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Poll: Global Support Declines for U.S. Foreign Policy


The global image of the United States has declined, and fewer people support the U.S.-led war on terror. That's the assessment of a worldwide poll released this week by a Washington D.C.-based research group.

"As your president, I am responsible for the decision to go into Iraq," President Bush commented at the beginning of the Iraq war.

That decision by President George W. Bush has caused America's global image to slip, and support for the war on terror has declined, according to a poll released this week by the nonpartisan Pew Research Center.

Pew questioned more than 17,000 people in 15 nations, including the United States, asking their opinions on U.S.-led efforts to fight terrorism. Results show that support for the war on terrorism has declined even among close U.S. allies such as Japan.

Pew Center President, and director of the Global Attitudes Project, Andrew Kohut, explains: "The polls, besides showing declining favorability ratings for the U.S., also shows declining support for the U.S.-led war on terrorism, President Bush's ratings - confidence in him to do the right thing in regard to foreign affairs was ever-lower in Europe, and most people predicting that the United States will not achieve its goals in Iraq."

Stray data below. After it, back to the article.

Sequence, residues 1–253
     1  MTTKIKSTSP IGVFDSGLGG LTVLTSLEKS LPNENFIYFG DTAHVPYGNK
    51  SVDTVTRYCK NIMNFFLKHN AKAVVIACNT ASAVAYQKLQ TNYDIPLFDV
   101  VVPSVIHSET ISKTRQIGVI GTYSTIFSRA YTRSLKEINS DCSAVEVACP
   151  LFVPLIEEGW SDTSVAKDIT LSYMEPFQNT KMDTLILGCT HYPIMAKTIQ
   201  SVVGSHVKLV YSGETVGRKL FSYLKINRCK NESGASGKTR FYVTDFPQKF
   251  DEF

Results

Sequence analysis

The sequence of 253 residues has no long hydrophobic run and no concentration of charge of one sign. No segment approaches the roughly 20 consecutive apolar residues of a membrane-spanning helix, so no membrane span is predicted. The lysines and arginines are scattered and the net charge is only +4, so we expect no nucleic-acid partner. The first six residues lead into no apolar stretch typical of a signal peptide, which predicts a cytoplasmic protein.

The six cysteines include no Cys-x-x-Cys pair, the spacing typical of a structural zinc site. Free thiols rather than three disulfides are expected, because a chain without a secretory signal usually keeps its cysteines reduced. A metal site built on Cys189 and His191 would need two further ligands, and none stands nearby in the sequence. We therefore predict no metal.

The survey suggests many people feel the U.S. presence in Iraq is a danger to world peace. It also indicates the war has damaged opinions of America, not only in predominately Muslim countries, but in Europe and Asia as well. For example, in India, 71 percent had a favorable view last year and that slipped to 56 percent this year.

"The most serious problem is backsliding in the image of the U.S. in countries where we saw improvements last year, specifically in India and Indonesia, where tsunami aid appeared to have made a real difference. Some of that difference seems to have eroded based on this current survey.

William Kristol, editor of the Washington-based political magazine, The Weekly Standard, doesn't agree with the poll's conclusions. "It's hard to make the case that we're facing a huge anti-American wave in these countries."

Kristol said he believes relations with India, which is in talks with the U.S. over a nuclear cooperation agreement, have improved. He also says he believes relationships with allies such as Japan also are strong.

Still, the Pew director says the poll accurately reflects a decline in America's global image, one he says will be a challenge for the country to improve.

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